Tuesday, October 25, 2011

They Married For Love

Justin Cascio writes about the journey he and Kevin Collins made to marrying for love. Part of the journey to their same-sex marriage included owning their transgenderism, as both were considered female when they were born.

I was aware of those not born to womanhood claiming it for themselves, but it still hadn’t occurred to me that I could do the same in my own life: that the man I saw in the mirror could be made visible to others. I learned it was possible to become a transsexual man when I finally saw others change their female-looking and sounding bodies and voices and names to match their male souls and minds. By the time Kevin and I met through a mutual girlfriend–we were all polyamorous queers–I was several years beyond the awkward phase. No one who met me could tell that I hadn’t been born male.

Kevin wasn’t yet Kevin, but he was nearly on his way. When he decided to transition, he began to act on his emancipation from the gender roles that had confined him. Realizing that he was a man meant that he felt entitled to masculinize his body, as I had, and take a new, male name. This was just part of what his freedom afforded him. It also enabled him to act on his other desires, the ones he had suppressed in order to be a “good” butch lesbian. As my own feminine appearance had belied my masculine identity, Kevin’s looks were interpreted as evidence of another, preconceived set of behaviors and desires: he was typecast as the butch. Despite what he looked like, he loved men, and he was attracted to me. The attraction was mutual, and we fell in love.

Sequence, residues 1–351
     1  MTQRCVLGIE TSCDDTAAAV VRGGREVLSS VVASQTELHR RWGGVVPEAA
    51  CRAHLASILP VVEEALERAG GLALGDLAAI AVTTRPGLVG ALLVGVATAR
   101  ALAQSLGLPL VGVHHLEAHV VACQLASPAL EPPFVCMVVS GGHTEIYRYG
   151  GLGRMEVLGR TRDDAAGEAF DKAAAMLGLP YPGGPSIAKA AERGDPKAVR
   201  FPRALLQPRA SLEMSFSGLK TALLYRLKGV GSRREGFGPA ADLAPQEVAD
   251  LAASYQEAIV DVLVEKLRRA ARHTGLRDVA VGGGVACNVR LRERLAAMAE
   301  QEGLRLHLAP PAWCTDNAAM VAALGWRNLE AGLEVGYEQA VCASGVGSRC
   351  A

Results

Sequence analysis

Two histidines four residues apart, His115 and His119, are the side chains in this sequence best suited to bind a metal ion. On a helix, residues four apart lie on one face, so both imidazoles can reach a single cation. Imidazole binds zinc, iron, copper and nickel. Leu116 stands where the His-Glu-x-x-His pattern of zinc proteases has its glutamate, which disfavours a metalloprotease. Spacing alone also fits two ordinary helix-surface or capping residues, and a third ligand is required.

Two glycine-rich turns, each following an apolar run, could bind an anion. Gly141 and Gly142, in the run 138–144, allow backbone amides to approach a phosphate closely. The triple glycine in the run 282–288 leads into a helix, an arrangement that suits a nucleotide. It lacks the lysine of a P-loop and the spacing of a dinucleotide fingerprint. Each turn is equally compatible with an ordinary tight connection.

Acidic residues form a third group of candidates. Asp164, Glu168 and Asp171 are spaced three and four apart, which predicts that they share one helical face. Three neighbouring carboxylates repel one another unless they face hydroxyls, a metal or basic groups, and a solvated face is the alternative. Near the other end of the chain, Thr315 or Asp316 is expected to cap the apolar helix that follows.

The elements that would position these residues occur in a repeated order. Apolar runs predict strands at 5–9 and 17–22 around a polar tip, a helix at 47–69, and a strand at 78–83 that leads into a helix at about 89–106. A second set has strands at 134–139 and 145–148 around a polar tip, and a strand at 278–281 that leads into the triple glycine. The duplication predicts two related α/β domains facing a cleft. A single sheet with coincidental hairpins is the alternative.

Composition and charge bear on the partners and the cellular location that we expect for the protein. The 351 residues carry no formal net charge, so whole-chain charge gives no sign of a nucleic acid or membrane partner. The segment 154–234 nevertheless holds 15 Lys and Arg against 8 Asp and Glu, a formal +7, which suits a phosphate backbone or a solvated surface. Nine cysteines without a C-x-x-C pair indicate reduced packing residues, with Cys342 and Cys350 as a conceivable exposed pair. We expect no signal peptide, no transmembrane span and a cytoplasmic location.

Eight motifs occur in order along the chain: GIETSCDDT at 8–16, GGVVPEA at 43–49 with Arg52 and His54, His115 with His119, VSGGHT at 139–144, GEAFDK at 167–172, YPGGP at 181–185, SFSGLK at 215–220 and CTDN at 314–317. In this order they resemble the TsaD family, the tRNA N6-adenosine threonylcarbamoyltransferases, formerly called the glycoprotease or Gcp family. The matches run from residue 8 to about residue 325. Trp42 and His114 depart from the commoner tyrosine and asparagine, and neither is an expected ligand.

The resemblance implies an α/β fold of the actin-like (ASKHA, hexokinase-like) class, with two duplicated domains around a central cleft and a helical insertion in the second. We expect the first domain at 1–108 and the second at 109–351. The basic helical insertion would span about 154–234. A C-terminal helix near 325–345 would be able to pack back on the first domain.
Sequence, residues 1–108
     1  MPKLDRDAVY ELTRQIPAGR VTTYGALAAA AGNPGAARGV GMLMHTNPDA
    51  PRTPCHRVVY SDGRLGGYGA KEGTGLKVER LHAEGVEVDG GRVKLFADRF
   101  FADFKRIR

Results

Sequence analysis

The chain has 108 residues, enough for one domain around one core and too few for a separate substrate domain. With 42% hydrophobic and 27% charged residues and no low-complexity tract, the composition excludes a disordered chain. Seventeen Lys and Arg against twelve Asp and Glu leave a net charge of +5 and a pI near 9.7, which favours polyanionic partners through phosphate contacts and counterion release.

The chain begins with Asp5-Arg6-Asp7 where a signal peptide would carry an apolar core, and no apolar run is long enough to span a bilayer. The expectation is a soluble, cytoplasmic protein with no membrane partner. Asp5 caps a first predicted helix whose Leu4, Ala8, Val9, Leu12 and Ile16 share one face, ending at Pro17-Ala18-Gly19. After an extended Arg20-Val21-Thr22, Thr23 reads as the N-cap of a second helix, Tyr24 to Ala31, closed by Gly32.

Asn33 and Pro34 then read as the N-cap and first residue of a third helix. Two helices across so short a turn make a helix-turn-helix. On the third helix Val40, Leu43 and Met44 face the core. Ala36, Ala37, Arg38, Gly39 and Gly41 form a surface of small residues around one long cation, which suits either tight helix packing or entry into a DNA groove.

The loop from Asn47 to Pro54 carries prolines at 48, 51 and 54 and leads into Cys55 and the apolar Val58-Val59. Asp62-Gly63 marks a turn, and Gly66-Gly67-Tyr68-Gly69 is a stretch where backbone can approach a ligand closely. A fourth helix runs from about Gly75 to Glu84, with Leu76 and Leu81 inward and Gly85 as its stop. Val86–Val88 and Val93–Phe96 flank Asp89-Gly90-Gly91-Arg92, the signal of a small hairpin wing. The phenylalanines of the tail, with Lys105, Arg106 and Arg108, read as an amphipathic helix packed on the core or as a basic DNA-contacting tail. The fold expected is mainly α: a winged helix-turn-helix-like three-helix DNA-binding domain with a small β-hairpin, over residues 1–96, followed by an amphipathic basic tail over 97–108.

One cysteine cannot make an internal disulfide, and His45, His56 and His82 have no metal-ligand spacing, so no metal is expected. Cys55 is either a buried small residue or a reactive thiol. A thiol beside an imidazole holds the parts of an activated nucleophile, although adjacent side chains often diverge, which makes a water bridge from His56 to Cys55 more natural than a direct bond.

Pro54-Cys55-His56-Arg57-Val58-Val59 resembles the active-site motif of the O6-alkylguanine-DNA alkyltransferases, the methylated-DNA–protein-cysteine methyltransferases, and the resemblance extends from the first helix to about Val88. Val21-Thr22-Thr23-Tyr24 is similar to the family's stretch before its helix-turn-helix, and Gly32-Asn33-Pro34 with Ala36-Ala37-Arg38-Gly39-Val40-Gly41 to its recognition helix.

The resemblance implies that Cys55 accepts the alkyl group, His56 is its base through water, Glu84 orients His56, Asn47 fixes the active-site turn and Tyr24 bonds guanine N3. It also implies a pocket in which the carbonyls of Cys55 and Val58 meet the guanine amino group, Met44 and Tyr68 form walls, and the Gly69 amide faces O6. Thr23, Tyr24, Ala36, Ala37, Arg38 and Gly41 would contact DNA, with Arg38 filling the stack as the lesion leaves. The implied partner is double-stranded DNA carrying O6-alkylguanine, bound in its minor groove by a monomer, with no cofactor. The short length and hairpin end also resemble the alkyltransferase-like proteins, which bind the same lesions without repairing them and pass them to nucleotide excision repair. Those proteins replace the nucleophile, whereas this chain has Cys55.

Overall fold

Justin recognizes that he and Kevin finding each other was special.

I know this isn’t unique to transgender, gay/lesbian/bisexual, polyamorous, or kinky people, but Kevin and I felt lucky to have found one another. It’s difficult to find someone compatible when your gender and body don’t closely match, when your sexual orientation is in the minority, and your attitudes about sexual monogamy are even less well understood by most people.

Heading towards the end of his essay, he writes…

We are sure to see social and legal changes at an increasing rate, as our private lives accommodate new ranges of possibilities, and even more rights are clamored for and eventually won. Someday we’ll win the rights to create our own marriage contracts, decide for ourselves their conditions and constraints, and even the number of participants in a marriage, or how many marriage contracts one person may enter at any given time.

Let’s make it happen sooner rather than later. An adult should be free to share love, sex, residence, and marriage with any consenting adults. Nobody else should be checking to make sure what genetalia the members of the wedding party have.
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